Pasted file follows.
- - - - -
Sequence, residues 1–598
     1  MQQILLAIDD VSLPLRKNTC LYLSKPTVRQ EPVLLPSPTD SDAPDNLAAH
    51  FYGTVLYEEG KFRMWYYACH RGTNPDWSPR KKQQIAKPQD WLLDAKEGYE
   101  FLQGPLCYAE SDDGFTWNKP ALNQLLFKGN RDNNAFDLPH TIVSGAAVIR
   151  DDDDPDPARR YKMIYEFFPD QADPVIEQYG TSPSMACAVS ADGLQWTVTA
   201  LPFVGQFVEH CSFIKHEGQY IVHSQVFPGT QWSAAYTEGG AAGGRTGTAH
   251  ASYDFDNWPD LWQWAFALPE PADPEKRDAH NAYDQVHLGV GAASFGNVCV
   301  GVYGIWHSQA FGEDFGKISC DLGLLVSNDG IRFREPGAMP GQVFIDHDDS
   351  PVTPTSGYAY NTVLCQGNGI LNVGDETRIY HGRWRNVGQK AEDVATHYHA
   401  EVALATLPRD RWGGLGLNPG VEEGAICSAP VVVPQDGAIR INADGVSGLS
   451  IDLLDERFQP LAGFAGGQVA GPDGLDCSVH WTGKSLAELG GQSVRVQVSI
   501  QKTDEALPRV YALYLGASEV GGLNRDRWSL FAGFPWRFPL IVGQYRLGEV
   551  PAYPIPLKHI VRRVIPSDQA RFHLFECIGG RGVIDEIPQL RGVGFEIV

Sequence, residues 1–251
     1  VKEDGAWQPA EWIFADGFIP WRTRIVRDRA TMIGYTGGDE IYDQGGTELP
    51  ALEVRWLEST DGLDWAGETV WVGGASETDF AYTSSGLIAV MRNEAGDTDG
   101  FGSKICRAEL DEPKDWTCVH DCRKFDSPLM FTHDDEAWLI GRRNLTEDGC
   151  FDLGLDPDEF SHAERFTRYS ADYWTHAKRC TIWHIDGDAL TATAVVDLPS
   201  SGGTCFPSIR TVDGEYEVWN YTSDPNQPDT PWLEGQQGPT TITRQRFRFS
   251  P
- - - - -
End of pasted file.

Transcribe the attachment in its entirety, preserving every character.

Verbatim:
Sequence, residues 1–598
     1  MQQILLAIDD VSLPLRKNTC LYLSKPTVRQ EPVLLPSPTD SDAPDNLAAH
    51  FYGTVLYEEG KFRMWYYACH RGTNPDWSPR KKQQIAKPQD WLLDAKEGYE
   101  FLQGPLCYAE SDDGFTWNKP ALNQLLFKGN RDNNAFDLPH TIVSGAAVIR
   151  DDDDPDPARR YKMIYEFFPD QADPVIEQYG TSPSMACAVS ADGLQWTVTA
   201  LPFVGQFVEH CSFIKHEGQY IVHSQVFPGT QWSAAYTEGG AAGGRTGTAH
   251  ASYDFDNWPD LWQWAFALPE PADPEKRDAH NAYDQVHLGV GAASFGNVCV
   301  GVYGIWHSQA FGEDFGKISC DLGLLVSNDG IRFREPGAMP GQVFIDHDDS
   351  PVTPTSGYAY NTVLCQGNGI LNVGDETRIY HGRWRNVGQK AEDVATHYHA
   401  EVALATLPRD RWGGLGLNPG VEEGAICSAP VVVPQDGAIR INADGVSGLS
   451  IDLLDERFQP LAGFAGGQVA GPDGLDCSVH WTGKSLAELG GQSVRVQVSI
   501  QKTDEALPRV YALYLGASEV GGLNRDRWSL FAGFPWRFPL IVGQYRLGEV
   551  PAYPIPLKHI VRRVIPSDQA RFHLFECIGG RGVIDEIPQL RGVGFEIV

Sequence, residues 1–251
     1  VKEDGAWQPA EWIFADGFIP WRTRIVRDRA TMIGYTGGDE IYDQGGTELP
    51  ALEVRWLEST DGLDWAGETV WVGGASETDF AYTSSGLIAV MRNEAGDTDG
   101  FGSKICRAEL DEPKDWTCVH DCRKFDSPLM FTHDDEAWLI GRRNLTEDGC
   151  FDLGLDPDEF SHAERFTRYS ADYWTHAKRC TIWHIDGDAL TATAVVDLPS
   201  SGGTCFPSIR TVDGEYEVWN YTSDPNQPDT PWLEGQQGPT TITRQRFRFS
   251  P